Throughout this season you're going to see references from me and others around ODB to advanced football stats focusing primarily on efficiency. If you read the preview posts I wrote for SMU then you were already exposed to them somewhat through my citations to Bill Connelly's work at FootballStudyHall.com. Efficiency stats, like pace-adjusted statistics in basketball, look beyond the facile "traditional" measures like points and yardage totals to grade relative performance on a much deeper level. Pioneered by the good folks at FootballOutsider.com, including, once again, Mr. Connelly, these statistics are, in my opinion, the best way to understand how teams are actually performing at any given time. FO's three primary measures, FEI, S&P+, and the combination of the two, F/+, measure each team's efficiency in all three phases of the game in a way that is both easy to understand and comparable across teams that haven't even played each other. FEI focuses on drives in each game while S&P+ looks at each play for situation and result. As the season goes on and we have access to more information, these stats become even more reliable.
I didn't put up this post to explain how these stats work on a detailed level. I couldn't do that even if I wanted to. Besides, each has their own page linked above that do the job more than admirably. Instead, I wanted to make you aware of their existence before talking about what they say, albeit in extremely limited sample sizes, about the 2012 Baylor Bears so far.
To reiterate, one game is not enough information to draw meaningful conclusions about the course of an entire season. The information we have is so limited, in fact, that Bill's baby S&P+ has not yet posted its first week. Bill says that should happen tomorrow. One game is enough, however, to draw conclusions about that one game. And what we see from the Fremeau Efficiency Index (FEI) is that if you thought Baylor was good against SMU, you were wrong. Baylor was great. And, surprisingly enough, it was great across the board.
The first thing you should notice about the current FEI rankings is that they don't line up with the efficiency scores actually represented. That's because, with so little 2012 information to go on at this point, preseason projections factor heavily into the aggregate rankings. As we progress through the season and the information base builds, the impact of those projections will lessen until they eventually don't matter at all.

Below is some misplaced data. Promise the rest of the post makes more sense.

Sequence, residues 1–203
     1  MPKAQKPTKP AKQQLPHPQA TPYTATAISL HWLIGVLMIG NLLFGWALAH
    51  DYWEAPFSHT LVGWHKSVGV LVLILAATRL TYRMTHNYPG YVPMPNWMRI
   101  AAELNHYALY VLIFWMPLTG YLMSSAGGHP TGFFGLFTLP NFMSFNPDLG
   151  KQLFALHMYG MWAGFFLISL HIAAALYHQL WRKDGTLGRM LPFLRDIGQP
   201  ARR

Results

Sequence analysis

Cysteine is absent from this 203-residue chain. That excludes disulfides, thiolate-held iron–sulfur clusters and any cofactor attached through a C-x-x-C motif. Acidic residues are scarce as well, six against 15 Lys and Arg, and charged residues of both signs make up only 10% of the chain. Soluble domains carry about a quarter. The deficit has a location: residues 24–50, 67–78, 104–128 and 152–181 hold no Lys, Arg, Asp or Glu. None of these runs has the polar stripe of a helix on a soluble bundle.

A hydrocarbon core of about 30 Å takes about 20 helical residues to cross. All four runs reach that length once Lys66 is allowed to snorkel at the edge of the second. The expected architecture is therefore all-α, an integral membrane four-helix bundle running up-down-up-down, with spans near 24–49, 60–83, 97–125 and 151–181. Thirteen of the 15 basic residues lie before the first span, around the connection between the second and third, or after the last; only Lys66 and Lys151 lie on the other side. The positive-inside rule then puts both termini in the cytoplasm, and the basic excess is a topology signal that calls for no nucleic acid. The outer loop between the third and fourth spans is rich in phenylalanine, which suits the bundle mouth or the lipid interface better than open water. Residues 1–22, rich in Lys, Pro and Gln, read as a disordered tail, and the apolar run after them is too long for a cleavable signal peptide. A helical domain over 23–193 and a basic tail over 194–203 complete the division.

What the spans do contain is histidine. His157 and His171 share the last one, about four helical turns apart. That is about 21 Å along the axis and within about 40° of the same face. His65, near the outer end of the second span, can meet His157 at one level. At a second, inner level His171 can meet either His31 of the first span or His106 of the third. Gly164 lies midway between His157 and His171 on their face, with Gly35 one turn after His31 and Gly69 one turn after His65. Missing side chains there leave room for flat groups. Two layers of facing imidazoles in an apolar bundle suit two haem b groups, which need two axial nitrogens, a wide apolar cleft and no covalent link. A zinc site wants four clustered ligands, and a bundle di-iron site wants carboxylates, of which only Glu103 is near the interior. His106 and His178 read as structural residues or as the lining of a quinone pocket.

The reason that matters to you is that without those projections, Baylor would top this chart after its first game against SMU. Stated differently, Baylor had the single highest game efficiency score in all of college football last weekend (FEI only includes FBS teams playing other FBS teams, Oklahoma State). Baylor played more efficiently against SMU in all three phases than any other FBS team against any other FBS team in Week 1.
When I told you in my statistical review on Tuesday that Baylor was efficient on offense compared to 2011, I wasn't lying. FEI agreed completely, ranking us fourth this past week behind only West Virginia, Nebraska, and Louisville. It sounds conceited to say, but after looking at the statistics, I honestly did expect this kind of lofty ranking. Baylor was really, really good on offense against SMU. Once the specific offensive statistics go up-- again, hopefully tomorrow-- we should know more about why. Look out for that.
The defensive efficiency rating, on the other hand, made my jaw drop to the table. According to FEI, Baylor ranked seventh in Week 1 in defensive efficiency. Only Connecticut, USC, BYU, Oklahoma, Michigan State, and Illinois did better. Think about that for a second. The yardage SMU put up against us says our defense didn't do that well. FEI says differently. Because FEI understands the multiplicative effect of pace. Again, we'll know more when we get access to specific defensive statistics. I'm going to go write Bill C. an angry email.
Even more shocking than that of our defense, at least to me, was our rating in FPA (Field Position Advantage), the stand-in for special teams. We were 11th. In an area where Art Briles teams notoriously struggle, we didn't against SMU. In fact, we excelled. And, in reviewing the game film again, it actually matches up with what I observed. The change in kickoff rules helped us keep SMU at or inside the 25-yard line on every kickoff. Aside from the first, our punts were all either well-placed (when booming it wasn't an option) or well-struck (when it was). We didn't have any turnovers that gave SMU short fields.
Baylor wasn't just good against SMU, it was great. Sure, it's only one game and the information could flip entirely the next time we look, but it's better to be ranked highly than lowly, right?